The Jewish community in Argentina is one of the largest in the world. Jewish immigrants first arrived in Argentina with the founding of the new continent and continued to immigrate to the country ever since. The vast majority of the Jews who came to Argentina are Ashkenazi, from Central and Eastern Europe. This active social group of Argentines has left its traces in local culture from the very beginning. AMIA, the Mutual Association Israelite Argentina, is the community support organization for all Jews in Argentina, tracing its roots back to 1894. Everything changed with the terrorist attack of July 18th, 1994 [believed to have been carried out by Hezbollah, supported by Iran], against AMIA in Buenos Aires, Argentina.
“Because we have memory, we demand justice” — AMIA
The AMIA headquarters building at Pasteur 633. July 18th, 1994. 9:53 a.m. A big explosion, followed by a huge cloud of smoke and dust, destroyed 85 lives, 85 stories, 85 families.
In seconds, it devastated the head office of the iconic Jewish organization in Argentina, and everything that surrounded it. Panic. Ambulances. People running. Shattered glass fell off windows and covered the streets. The cries from the crowd were a mixture of miracles and tragedies of destiny. Deaths by the dozen. Death. Death. Severely injured people carried to medical institutions. As a spontaneous reaction, hundreds of volunteers showed up to help, comfort, share the crying. The community needed to reorganize. The building on Ayacucho 632 began to function as the site where families met to seek information about the victims of the attack, as well as the head office of AMIA.
Soon, AMIA resumed its essential operations, especially those pertaining social services.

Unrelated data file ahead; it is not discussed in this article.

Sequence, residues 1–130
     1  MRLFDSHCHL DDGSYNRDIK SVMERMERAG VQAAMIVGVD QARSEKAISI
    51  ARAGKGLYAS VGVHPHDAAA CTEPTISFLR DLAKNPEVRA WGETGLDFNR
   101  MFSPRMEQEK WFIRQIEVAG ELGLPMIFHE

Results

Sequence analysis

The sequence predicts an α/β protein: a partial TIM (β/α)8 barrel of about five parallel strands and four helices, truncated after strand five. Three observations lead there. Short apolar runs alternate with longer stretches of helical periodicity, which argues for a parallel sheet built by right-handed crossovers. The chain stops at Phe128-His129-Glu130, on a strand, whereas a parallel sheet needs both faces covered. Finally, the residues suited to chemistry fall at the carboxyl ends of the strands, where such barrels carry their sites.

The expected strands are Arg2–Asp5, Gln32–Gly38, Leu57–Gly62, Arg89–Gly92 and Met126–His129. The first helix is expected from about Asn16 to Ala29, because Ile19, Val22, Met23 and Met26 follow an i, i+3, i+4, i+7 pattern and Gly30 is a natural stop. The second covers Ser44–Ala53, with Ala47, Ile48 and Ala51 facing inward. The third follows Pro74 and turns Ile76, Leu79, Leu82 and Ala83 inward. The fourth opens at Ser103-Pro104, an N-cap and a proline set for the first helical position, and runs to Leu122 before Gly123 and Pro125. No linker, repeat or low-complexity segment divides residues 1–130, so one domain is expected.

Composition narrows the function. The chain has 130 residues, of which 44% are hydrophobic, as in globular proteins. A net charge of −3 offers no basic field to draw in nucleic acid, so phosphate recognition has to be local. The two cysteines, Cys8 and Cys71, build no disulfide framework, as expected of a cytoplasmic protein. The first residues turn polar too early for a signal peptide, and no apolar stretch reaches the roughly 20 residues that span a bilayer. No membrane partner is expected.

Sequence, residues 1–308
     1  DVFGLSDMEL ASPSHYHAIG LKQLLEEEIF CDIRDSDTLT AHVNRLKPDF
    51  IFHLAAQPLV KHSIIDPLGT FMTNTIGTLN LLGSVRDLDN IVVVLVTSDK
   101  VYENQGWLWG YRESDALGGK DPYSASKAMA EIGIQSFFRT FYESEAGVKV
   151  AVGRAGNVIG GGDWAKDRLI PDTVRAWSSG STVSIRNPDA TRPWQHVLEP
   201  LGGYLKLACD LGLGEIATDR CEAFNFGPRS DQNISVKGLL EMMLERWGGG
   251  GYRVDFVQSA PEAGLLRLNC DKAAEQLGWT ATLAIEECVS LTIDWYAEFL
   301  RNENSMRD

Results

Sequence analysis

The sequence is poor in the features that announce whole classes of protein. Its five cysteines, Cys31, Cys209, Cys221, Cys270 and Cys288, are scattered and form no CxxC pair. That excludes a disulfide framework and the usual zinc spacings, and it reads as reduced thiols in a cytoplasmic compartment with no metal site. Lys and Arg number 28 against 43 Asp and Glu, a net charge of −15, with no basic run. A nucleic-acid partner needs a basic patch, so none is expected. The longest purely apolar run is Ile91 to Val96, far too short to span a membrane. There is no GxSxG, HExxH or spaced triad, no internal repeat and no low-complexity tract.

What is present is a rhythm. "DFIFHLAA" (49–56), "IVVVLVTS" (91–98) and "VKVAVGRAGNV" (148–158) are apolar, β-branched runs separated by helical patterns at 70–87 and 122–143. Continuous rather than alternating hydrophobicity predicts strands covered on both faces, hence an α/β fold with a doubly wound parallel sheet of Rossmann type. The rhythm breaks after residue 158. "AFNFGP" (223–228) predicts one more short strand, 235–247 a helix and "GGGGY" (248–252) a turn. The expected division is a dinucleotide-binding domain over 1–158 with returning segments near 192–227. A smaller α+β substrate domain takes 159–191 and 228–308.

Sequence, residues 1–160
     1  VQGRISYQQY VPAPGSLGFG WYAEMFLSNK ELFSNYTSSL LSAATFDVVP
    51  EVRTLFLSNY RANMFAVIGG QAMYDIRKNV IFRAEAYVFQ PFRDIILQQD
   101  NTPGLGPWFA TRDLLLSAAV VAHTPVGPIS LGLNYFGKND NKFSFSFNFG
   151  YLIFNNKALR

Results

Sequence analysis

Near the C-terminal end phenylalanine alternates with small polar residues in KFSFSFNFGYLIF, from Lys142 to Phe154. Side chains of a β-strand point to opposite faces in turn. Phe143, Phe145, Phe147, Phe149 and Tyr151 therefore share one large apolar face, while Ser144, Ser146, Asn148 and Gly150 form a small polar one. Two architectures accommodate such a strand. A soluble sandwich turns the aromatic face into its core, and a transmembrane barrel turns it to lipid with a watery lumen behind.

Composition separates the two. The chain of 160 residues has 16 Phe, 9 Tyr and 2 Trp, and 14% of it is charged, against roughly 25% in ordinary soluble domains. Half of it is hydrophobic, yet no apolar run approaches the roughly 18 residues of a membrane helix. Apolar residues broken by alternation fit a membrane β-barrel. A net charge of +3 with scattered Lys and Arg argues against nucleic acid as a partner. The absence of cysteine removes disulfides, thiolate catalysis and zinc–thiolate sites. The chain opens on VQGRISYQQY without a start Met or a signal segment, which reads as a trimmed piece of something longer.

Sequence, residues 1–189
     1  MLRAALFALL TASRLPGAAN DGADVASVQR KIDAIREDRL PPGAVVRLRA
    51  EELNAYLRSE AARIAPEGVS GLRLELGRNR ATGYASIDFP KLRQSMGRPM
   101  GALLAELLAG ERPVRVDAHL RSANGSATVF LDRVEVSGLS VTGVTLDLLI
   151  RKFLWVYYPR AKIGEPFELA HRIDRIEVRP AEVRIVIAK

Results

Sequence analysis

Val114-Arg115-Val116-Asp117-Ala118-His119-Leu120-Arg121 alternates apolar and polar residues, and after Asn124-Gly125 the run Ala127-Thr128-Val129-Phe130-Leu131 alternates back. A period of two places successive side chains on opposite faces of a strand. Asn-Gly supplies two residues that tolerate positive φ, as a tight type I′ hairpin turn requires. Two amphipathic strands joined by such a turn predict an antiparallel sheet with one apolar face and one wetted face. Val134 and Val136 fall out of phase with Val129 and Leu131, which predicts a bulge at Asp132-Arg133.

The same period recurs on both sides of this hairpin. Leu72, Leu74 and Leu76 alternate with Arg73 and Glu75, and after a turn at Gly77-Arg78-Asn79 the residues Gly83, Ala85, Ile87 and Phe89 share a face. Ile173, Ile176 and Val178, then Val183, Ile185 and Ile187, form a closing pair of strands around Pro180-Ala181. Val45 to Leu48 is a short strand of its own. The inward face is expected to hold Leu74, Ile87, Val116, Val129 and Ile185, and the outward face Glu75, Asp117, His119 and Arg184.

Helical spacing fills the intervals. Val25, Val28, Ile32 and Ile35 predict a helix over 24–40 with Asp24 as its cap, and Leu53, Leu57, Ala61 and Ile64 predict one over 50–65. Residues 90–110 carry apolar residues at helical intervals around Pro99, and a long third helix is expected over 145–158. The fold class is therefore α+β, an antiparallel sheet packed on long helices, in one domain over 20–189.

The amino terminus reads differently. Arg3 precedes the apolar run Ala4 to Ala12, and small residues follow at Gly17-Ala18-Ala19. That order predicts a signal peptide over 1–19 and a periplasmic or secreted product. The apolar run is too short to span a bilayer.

The community, in the midst of such tremendous pain, responded. 85 deadly victims. More than 300 injured. A building containing all of the Jewish history in Argentina destroyed. A wound that remains open till today. The most horrible anti-Jewish act after World War II occurred in Argentina, on Pasteur 633.
It was on the 18th of July, 1994, at 9:53 AM.
“And thou shalt tell it to thy son… thy fellow man”
“…And thou shalt choose life…”
Source for the above information: http://www.amia.org.ar
“The attack on AMIA was an attack on all of society”
Our visit to the new AMIA headquarters building was much more challenging than we had expected. When walking up Pasteur (street) — the same Pasteur as in the “Pasteur – AMIA” subway station [see above photos] — to the entrance of AMIA’s building, we were warned by policemen not to stand anywhere near the entrance and not to take photographs. Entering the security line was as tough (perhaps tougher) than getting through an El Al Airlines security screening. We had to present passports, go through a metal detector, be interrogated and patted down (I have a metal hip replacement) and then made to wait quite a while in a holding room for our AMIA-employee guide to come down to meet us (four Americans and one Argentinian city guide).
Visitors are greeted in the courtyard by a stunning vertical, multi-paneled sculpture by Yaacov Agam, “Monument to the Memory of the Victims of the Terrorist Attack on AMIA 18 July 1994”. Depending on where one stands, there are four different “positions” — actually paintings which come together in a three-dimensional image when standing at just the right spot. The photographs illustrate two of these views, with the memorial to the 85 victims on the far wall.
AMIA was born as Chevra Kadisha in 1894, whose first activities focused on developing the necessary conditions to observe the Jewish tradition. One of its first actions was the foundation of a community cemetery. This action entailed the legitimation of the Jewish presence as a constituent minority of the Argentinean society. Soon, its activities grew, multiplied and diversified with the successive immigration flows. As from the 1920s, with the increase of Jewish population in Argentina and its progressive integration to society, AMIA became the space where all the Jewish people of Argentina could come together and participate. Its historical house in Pasteur 633, which opened in 1945, reflected the drive of its development. The memory of the 85 people who were killed when the building was bombed in 1994, the hundreds of injured and the survivors of this massive slaughter, remains alive. The creative drive of a community willing to preserve the heritage of a cultural tradition that honors life and prioritizes justice settled on the debris. In 1999, AMIA’s new building was inaugurated on the same site, at Pasteur 633.